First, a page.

Guided Walking Tour of Tainan
It rained through the majority of the tour, but only in irritating spitting fits and starts, so we mostly ignored it. Our guide was so excited about the history and art of Tainan that we couldn’t even get her to bother with an umbrella or raincoat. Someone would offer her one and she would start to reach for it, but then get excited about some tree or ribbon or God-knows-what and wander off to talk about it.
Although we made fun of her at times, her enthusiasm was truly contagious, because she made the history come alive. I could practically see the faces hear the conversations and feel the energy of the Tainan of old as we strolled amiably through grand temples and tiny alleys. It was overwhelming in its intensity, though, so I listened intently to her stories for 5-10 minutes at a time, and when my brain felt full I would start talking to one of the other tour-goers about life, the universe and the squiggly little lines on the window-shade which apparently point to Arabic influence on the city.
The whole tour was a huge social win. I met a bunch of cool new people and had great fun. I even dragged my shy new Filipina friend to dinner with some of my other friends, and enjoyed that as well.
As we were finishing up our dinner, another friend called and invited us to learn Hula dance. I love my friends!!!
Hula Dance and the Hookey-Lau
An invitingly warm breeze whispers in through the window and I shiver in awe, stunned by my good fortune. Here I am, living in Taiwan, randomly invited by a friend to learn traditional Hula dance from a Hawaiian who is studying here. I am joined by my friends from Vietnam, the Philippines and Taiwan, along with several other Americans. I know some of these individuals well, and some are new friends.
Our teacher breaks off her demonstration to launch into a mini history lesson that explains the cultural tidbits that underlie the movements of the hula dance we are learning. Listening to her share about her upbringing, the dance and the village life that inspired it, is again magical and humbling. The world is so big, so unique, so beautiful. Thank you, Universe. Thank you.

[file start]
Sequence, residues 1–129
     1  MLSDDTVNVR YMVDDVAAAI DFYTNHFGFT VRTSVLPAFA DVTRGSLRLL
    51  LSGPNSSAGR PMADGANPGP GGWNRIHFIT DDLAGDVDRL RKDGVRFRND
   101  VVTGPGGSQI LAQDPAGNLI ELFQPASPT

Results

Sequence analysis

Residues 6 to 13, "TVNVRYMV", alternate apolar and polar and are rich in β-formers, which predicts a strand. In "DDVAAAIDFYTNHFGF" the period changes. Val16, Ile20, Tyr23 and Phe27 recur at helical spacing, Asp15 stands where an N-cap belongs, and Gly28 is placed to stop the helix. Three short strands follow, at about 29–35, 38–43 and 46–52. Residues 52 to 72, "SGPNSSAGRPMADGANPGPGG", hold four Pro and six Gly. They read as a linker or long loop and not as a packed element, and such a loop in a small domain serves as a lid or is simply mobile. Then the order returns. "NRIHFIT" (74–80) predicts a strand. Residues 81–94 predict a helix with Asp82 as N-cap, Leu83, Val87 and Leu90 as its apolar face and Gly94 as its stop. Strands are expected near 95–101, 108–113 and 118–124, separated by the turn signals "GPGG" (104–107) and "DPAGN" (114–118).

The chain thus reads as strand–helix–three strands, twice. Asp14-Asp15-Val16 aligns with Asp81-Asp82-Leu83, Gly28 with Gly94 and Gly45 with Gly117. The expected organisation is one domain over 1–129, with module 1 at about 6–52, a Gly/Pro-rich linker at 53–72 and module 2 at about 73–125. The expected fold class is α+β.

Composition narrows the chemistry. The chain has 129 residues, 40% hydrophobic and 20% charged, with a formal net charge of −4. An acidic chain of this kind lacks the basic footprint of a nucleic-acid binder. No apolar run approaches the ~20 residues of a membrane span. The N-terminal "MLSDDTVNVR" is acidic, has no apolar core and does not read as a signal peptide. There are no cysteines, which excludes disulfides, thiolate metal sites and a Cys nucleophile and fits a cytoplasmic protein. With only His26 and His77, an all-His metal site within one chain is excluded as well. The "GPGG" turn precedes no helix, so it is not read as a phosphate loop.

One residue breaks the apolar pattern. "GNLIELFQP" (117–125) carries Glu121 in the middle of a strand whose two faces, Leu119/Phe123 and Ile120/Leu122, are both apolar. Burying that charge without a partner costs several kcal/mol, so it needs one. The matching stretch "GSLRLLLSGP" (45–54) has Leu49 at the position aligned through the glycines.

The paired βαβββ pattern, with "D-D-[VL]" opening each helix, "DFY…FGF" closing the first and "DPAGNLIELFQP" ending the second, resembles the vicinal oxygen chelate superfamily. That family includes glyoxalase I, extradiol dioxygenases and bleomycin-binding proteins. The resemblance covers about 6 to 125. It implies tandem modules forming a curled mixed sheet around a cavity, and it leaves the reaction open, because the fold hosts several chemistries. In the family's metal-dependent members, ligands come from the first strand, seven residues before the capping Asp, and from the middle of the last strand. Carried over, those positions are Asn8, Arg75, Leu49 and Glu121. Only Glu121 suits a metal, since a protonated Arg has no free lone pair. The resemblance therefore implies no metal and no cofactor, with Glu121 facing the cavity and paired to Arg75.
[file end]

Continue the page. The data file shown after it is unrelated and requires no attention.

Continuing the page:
Rain Rain Go Away... (or: Travel Hacking Saves the Day)
I have been able to put up with these feelings and changes in the past, though frankly they are a major part of why I have much of my adult life in the desert. Last year’s monsoon season in Okinawa landed me in the hospital, though, and this year’s monsoon in Taiwan wasn’t boding well either.
It rained almost all day every day for two weeks straight, and I was heartily sick of it. I was acting like a complete pill with my roommates, and I hated myself for it. One day, I checked the weather forecast, looking for some projected relief, but my eyes bugged out and my jaw just about smacked the ground when I saw a ten-day forecast of straight-up rain, rain and more rain.
But then I realized: “there is something I can do about this.” So I did.
The following day, I hopped on a plane back to the desert, some 8,000 miles away. Yep, I ran away to Arizona.
Instead of working my online job in the early morning local time, I will work in the late afternoon and evening local time. My clients don’t even know the difference, but I’ll be enjoying the desert heat and sun, breathing free and will stop sniping at my poor unsuspecting deserve-better-than-this roomies.
This sort of solution is exactly why I started travel hacking in the first place, and I am highly grateful for the opportunity. I even got to take my first-ever shower in an airport, thanks to the Hong Kong Cathay Pacific Business lounge, and play with a 15-month-old whose parents appreciated the short respite from child-care duties.
Here’s to Sun, Mexican Food, Friends and Opportunity.